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Warm Feet

January 28, 2021

Reading Time: 16 minutes.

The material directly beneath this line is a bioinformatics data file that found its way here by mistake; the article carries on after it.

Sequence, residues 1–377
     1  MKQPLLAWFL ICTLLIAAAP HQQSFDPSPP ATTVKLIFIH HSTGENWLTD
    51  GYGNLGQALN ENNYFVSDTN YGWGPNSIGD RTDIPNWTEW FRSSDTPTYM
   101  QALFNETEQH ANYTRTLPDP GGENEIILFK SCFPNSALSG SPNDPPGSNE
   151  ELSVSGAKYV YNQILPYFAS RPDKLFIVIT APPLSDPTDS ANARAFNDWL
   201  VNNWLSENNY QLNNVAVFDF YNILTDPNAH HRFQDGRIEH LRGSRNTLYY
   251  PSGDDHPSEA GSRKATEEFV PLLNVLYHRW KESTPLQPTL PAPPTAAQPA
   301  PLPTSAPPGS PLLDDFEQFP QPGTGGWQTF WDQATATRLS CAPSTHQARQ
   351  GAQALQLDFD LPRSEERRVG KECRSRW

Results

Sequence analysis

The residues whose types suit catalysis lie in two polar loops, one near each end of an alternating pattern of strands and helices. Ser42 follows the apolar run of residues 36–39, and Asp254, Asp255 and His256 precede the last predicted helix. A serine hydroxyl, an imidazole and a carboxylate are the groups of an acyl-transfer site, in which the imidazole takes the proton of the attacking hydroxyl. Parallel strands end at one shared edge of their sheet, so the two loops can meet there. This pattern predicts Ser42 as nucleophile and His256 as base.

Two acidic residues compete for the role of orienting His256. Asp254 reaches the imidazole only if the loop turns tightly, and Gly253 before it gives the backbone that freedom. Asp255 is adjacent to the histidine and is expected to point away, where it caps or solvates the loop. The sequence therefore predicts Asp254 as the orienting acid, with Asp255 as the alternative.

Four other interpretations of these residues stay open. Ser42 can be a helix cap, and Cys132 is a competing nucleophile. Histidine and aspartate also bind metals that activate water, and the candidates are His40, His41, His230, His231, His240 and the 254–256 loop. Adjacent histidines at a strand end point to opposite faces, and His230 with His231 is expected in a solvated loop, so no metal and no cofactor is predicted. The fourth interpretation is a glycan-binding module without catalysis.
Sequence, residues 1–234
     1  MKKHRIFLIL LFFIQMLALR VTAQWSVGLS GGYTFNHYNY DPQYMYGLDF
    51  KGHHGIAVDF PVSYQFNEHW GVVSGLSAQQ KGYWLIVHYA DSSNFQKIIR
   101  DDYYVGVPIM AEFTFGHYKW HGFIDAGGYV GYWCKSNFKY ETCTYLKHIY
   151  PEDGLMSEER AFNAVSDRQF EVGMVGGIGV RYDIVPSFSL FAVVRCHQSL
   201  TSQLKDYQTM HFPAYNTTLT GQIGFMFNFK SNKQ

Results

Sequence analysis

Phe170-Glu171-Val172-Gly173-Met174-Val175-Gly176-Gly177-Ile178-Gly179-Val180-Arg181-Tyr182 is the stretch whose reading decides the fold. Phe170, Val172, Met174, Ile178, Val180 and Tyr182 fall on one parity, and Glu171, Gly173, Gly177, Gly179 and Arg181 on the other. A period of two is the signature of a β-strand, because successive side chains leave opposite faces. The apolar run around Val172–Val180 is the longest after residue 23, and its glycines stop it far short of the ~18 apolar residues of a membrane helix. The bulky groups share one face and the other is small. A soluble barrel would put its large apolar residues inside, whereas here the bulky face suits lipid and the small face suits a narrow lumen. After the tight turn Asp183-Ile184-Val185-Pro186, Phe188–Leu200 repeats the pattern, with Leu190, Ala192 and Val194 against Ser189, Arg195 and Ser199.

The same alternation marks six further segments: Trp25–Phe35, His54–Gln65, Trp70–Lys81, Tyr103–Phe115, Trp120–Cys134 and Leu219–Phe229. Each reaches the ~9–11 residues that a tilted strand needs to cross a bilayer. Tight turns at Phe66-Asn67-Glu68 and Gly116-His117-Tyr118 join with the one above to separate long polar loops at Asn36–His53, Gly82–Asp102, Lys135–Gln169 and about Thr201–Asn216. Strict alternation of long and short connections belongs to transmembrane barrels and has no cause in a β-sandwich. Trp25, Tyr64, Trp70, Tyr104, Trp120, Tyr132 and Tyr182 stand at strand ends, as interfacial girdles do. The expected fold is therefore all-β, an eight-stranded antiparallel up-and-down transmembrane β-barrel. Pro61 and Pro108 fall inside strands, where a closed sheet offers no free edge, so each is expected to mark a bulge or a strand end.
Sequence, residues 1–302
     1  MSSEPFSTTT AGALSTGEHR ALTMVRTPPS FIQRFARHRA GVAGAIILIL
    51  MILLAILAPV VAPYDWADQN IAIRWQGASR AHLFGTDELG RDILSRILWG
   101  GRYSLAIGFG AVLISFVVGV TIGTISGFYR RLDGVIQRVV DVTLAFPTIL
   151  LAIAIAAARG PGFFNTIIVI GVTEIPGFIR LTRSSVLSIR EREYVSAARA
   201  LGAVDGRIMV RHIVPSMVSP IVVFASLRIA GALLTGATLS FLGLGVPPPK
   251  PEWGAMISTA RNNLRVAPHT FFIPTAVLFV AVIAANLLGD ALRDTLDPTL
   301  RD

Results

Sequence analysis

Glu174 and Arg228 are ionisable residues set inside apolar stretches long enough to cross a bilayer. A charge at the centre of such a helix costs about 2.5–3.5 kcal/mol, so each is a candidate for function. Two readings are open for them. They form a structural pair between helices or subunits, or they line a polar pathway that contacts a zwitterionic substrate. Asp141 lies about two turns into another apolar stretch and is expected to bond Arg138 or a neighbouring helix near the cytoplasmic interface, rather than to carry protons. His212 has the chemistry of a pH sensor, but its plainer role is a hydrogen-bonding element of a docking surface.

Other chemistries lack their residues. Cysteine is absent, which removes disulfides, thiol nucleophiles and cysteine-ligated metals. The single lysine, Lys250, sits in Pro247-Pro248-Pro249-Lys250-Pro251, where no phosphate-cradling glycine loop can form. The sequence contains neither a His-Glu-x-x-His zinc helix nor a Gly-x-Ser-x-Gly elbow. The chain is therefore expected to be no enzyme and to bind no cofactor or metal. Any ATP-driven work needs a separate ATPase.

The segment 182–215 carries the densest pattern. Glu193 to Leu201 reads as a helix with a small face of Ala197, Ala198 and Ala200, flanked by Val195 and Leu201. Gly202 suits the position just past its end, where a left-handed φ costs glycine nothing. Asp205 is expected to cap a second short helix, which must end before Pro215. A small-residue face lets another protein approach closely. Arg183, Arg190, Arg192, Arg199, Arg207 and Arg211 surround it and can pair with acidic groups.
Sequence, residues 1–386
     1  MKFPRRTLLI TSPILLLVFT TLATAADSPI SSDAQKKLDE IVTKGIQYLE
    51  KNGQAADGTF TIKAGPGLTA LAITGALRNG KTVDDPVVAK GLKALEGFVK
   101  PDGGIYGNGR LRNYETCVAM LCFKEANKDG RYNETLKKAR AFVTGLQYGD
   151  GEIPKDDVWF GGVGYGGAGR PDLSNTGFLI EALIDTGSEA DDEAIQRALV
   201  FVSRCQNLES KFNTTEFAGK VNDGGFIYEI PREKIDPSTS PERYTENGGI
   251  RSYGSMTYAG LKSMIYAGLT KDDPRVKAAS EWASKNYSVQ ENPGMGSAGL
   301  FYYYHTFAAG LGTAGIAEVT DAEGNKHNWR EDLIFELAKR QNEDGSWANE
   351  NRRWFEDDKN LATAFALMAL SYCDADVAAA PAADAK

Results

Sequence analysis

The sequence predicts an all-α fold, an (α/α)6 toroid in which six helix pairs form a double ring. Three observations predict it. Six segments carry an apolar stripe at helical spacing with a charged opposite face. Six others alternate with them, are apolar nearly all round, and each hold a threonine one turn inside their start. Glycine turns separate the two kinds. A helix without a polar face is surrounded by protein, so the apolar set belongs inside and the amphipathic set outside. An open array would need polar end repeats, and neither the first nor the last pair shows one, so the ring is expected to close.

Every now and then I get some work advising people on what clothing to wear for extreme conditions. This has included film companies, TV, such as the Discovery Channel, as well as people heading off on extreme holidays. Often the advice you give is to first get the person doing the asking to reconsider the question. When someone asks about his film crew, who are heading to Siberia in winter, having sleeping bags that go down to -60 degrees, you first have to ask them some questions; like have you ever camped outside (the answer is often no), do you know how cold it is inside your fridge’s freezer compartment? Answer: -18° C. You point out that you should do what the natives do, both in dress and custom, and you will notice that non of them camp out at -60 degrees C. Generally my focus is on hands, feet and face, as the rest of the body can be more easily protected, and sometimes I talk about equipment, such as you need indoor and outdoor cameras, and that auto is your best friend when wearing huge mittens (and watch your eye does not stick to your camera’s viewfinder!). I once put a film crew in a freezer set at -30 deg C to demonstrate what it would be like in Alaska, and even though I forewarned them, no of them put on the heavyweight kit I had on offer, but just fleeces, the odd stylish French silk scarf, and tiny wool gloves. Within 60 seconds they were banging on the door to be let out, and within another, when I let them out, they got the lesson, returning to the fridge looking like they had on EOD suits. Footwear is an easy option, and again, look at what the locals wear, which tends to be a cross between US military rubber ‘Bunny boots’, pack boots (Baffin etc), and mukluks, where are far superior to both, due to being very light, flexible and soft, and highly insulated. Hands are also easy, just mitts both thick, and mitts that are thin, and forget the gloves (Inuit hunters didn’t wear gloves). Face wise, the buff does a good job, as well as neck gators (use a 2 later system, with a close-fitting wool one under a baggy fleece one). You can also use various face masks (UK army winter mask is very good), or go high end with a Cold Avenger one.


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